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Question: A woman prosecutes a man for picking her pocket, can this question that she had given birth to an illegitimate child ten year before be asked? Answer with reasons.Find the answer to the mains question only on Legal Bites. [A woman prosecutes a man for picking her pocket, can this question that she had given birth to an illegitimate child ten year before be asked? Answer with reasons.]AnswerIn the scenario described, the question about whether the woman had given birth to...

Question: A woman prosecutes a man for picking her pocket, can this question that she had given birth to an illegitimate child ten year before be asked? Answer with reasons.

Find the answer to the mains question only on Legal Bites. [A woman prosecutes a man for picking her pocket, can this question that she had given birth to an illegitimate child ten year before be asked? Answer with reasons.]

Answer

In the scenario described, the question about whether the woman had given birth to an illegitimate child ten years before is likely to be considered improper and disallowed by the court, based on the considerations outlined in Section 148 of the Indian Evidence Act, as well as the principles of relevance and fairness. Here are the reasons for this:

Relevance: The Primary principle of evidence law is that questions and evidence must be relevant to the matter in issue. In this case, the woman is prosecuting the man for picking her pocket. The fact that she may have given birth to an illegitimate child ten years before is entirely unrelated to the alleged pickpocketing incident. It does not bear any relevance to whether the man committed the crime or not.

Remoteness in Time: As per Section 148, questions are considered improper if they relate to matters that are so remote in time that the truth of the imputation would not affect or would affect in a slight degree the opinion of the court as to the credibility of the witness on the matter to which she testifies. In this case, the birth of an illegitimate child ten years prior is remote in time from the incident in question and is unlikely to have any bearing on the woman's credibility regarding the pickpocketing incident.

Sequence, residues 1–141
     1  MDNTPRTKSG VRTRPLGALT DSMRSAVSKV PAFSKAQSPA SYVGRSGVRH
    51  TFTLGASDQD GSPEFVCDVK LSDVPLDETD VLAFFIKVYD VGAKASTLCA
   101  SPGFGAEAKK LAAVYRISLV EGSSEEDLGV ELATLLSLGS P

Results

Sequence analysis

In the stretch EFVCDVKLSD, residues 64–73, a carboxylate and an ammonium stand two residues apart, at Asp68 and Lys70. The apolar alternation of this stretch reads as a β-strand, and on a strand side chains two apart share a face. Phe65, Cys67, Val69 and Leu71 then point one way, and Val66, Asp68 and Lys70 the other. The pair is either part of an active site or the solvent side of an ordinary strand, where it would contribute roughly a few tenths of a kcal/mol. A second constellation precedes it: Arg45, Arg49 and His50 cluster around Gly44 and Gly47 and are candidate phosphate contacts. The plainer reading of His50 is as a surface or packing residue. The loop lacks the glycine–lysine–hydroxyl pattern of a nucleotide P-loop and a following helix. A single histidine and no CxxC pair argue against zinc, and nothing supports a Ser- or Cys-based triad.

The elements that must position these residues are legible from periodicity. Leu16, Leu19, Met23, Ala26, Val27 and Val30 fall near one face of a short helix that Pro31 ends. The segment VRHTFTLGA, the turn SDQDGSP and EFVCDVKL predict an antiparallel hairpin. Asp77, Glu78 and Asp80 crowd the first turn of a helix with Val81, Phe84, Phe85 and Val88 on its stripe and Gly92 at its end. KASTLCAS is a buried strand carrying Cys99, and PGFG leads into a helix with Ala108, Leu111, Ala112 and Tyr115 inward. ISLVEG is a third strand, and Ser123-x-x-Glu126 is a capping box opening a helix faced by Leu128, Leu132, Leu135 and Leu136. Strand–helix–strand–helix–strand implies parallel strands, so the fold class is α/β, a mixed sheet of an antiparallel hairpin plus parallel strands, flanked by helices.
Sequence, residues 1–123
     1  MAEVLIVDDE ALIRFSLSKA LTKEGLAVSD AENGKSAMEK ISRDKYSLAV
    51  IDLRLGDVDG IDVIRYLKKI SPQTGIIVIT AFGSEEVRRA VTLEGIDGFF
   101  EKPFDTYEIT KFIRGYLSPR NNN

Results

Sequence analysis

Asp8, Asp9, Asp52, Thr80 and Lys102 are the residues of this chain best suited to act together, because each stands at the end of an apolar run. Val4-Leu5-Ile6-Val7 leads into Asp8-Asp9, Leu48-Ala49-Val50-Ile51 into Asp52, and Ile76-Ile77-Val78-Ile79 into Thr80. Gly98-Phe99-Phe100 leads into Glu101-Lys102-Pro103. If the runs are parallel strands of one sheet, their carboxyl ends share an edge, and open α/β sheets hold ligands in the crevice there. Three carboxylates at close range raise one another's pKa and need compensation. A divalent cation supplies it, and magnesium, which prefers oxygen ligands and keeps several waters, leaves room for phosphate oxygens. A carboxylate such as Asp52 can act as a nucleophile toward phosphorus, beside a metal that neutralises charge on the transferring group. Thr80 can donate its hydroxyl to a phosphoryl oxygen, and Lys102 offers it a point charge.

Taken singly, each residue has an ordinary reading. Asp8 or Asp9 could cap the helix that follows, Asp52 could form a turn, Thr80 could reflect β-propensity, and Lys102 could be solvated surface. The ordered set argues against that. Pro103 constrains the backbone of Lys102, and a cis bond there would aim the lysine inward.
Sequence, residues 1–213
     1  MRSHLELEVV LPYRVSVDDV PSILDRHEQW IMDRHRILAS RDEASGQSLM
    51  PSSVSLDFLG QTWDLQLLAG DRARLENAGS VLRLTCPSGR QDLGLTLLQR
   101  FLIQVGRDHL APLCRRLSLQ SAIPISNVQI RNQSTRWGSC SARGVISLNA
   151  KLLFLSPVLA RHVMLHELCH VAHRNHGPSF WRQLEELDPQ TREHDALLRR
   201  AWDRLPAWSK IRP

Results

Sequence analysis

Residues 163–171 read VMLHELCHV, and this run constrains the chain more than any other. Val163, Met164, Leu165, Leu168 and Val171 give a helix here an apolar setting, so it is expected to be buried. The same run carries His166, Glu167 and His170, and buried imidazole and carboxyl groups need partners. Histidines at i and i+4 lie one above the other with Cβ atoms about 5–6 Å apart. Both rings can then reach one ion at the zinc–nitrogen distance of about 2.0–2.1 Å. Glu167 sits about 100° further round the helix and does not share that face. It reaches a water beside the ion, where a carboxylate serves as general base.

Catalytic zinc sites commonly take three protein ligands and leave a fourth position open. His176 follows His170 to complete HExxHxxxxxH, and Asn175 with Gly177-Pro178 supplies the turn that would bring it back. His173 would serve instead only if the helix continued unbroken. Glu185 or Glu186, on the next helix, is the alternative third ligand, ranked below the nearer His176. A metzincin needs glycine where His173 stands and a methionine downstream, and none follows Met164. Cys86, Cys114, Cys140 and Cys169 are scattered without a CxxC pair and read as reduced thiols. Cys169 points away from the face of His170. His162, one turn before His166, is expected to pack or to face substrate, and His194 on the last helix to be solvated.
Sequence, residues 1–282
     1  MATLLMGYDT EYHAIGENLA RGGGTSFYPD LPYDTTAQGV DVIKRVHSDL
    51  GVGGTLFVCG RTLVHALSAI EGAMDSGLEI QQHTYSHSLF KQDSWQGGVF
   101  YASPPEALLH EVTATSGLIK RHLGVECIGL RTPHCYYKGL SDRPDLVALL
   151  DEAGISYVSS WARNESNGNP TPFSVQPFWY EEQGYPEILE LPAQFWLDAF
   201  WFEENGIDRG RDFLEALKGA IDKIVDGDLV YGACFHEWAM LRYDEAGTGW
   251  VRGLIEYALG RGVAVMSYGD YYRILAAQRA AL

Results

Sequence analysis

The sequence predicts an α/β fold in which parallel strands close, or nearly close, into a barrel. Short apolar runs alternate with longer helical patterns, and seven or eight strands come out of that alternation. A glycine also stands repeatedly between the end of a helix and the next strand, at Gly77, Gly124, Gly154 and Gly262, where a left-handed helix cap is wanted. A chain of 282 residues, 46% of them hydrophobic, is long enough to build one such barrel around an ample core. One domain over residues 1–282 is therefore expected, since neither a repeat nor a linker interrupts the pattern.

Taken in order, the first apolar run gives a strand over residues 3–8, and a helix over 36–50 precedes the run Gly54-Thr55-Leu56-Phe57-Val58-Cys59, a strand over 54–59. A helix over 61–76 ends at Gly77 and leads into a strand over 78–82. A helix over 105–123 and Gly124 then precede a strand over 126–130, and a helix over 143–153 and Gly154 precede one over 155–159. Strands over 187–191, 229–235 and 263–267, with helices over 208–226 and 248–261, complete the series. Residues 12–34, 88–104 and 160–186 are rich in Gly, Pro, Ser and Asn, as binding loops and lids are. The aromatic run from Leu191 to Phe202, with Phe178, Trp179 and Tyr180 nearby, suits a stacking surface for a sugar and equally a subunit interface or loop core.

Disproportionate Imputation: Section 148 also considers questions improper if there is a great disproportion between the importance of the imputation made against the witness's character and the importance of their evidence. In this case, the question about the woman's past childbirth would be disproportionate to the matter in issue, which is the alleged pickpocketing. The fact of having given birth to an illegitimate child in the past is not relevant to the credibility of her testimony regarding the pickpocketing incident.

Therefore, based on the principles outlined in Section 148 of the Indian Evidence Act and the specific circumstances described, the court is likely to disallow the question about the woman's past childbirth, as it is improper, irrelevant, remote in time, and disproportionate to the matter in issue. The court's primary focus should be on the evidence and questions directly related to the alleged pickpocketing incident.

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Mayank Shekhar

Mayank Shekhar

Mayank is an alumnus of the prestigious Faculty of Law, Delhi University. Under his leadership, Legal Bites has been researching and developing resources through blogging, educational resources, competitions, and seminars.

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